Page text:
Emily Jacir Installation shot of 'Material for a film'.

Creative Time Picks Global Residents

Being an artist in todays global art market means logging lots of frequent flyer miles with projects in museums, galleries, art fairs and biennials around the globe. At a certain level, artists are flying to Germany, South America and China to work with curators and create projects and installations. Recently, Creative Time hosted roundtables with artists, asking them what they needed to tackle the most important issues facing our world today? Emily Jacir replied: “artists need time to open themselves to new ideas and inspiration that lead to new work.” Time. Something these artists often do not have between their academic careers and exhibition schedules.

The Creative Time Global Residency program (also supported by the Rockefeller Foundations New York City Cultural Innovation Fund) was born from these roundtables. Six artists were selected for the inaugural residency program: Maya Lin, Walid Raad, Emily Jacir, Judi Wethein, Sanford Biggers and K8 Hardy. Each will be given the opportunity to travel anywhere in the world they would like to go, to spend their time in contemplation, engaging with a community on a deeper level. No finished project is required.

According to the Creative Time press release, this is what the artists will be doing.

Sanford Biggers will use this opportunity to investigate societies with great cultural syncretism and cross-pollination””a melding of different beliefs, traditions, and cultural influences””in order to continue exploring what has become a central focus of his artistic practice: the study of ethnological objects, popular culture and icons, and Dadaist strategies.

K8 Hardy will travel to Santiago, Chile; Buenos Aires, Argentina; Mexico City, Mexico; and Sao Paulo, Brazil to investigate the existence of a feminist and/or lesbian community of contemporary artists and underground publications.

Emily Jacir, an artist whose work is heavily influenced by geography, travel, and conflicts of cultural identity, will investigate the Italian tradition of social activism that emerged in the 1960s in Rome, and the activist practices that continue today in the fields of art and media.

Maya Lins project What Is Missing?“”her fifth and last memorial””will rethink what a memorial can be. Lin will travel to the Everglades, China, and the Bialowieska Forest in Poland to observe and document disappearing species. A video portion of the What Is Missing? project will be shown At 44 1/2, Creative Times presentation of video art on MTVs outdoor, HD screen in Times Square from April 15 to April 30, with additional screenings on Earth Day.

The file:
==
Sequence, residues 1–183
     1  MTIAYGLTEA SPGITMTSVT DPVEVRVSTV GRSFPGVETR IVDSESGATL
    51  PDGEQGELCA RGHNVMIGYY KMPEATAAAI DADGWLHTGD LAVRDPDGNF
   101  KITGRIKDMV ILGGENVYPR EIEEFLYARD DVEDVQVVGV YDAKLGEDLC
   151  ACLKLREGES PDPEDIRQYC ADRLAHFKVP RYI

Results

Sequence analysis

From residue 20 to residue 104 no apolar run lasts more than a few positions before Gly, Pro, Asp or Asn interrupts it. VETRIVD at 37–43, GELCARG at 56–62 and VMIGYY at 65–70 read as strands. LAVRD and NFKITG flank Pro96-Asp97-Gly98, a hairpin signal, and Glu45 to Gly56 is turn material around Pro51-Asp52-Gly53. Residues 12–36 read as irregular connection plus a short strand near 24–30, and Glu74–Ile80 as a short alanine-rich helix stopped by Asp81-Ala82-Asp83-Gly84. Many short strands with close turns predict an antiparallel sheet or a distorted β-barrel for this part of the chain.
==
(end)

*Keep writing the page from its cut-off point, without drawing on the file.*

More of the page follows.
Walid Raad, an artist uniquely engaged in observing the unique political and cultural forces at work in the Arab world, has witnessed the emergence of a new infrastructure for the visual arts in the region. As Raad explains, “the planned construction of several large art museums and art schools in the Arab Gulf raises fascinating questions about how art will be conceived, made, distributed, and consumed in the future, not only in the Arabian Gulf, but in the Arab world in general, and beyond.” Raad will interview scholars, artists, state officials, historians, and other thinkers, writers, and bureaucrats about these questions.

Judi Werthein will travel to a remote mountain community in southwest Hunan, China to investigate the modern reinvention of Nu¨ Shu, or “womens writing.” Nu¨ Shu“”which is not a distinct dialect but rather a phonetic writing system””was once used as a covert, intimate form of expression for heretical feelings about the frustration, melancholy, and loneliness of wives forced into arranged marriages. It is now being used in a way that is empowering and enriching to a new generation of girls.

“Privileging artists processes and an investment in social issues are central to Creative Times mission,” said Anne Pasternak, President and Artistic Director of Creative Time.

Now, if only projects like this werent only for the privileged artists.

(top photo: Installation shot of Material for a film by Emily Jacir)

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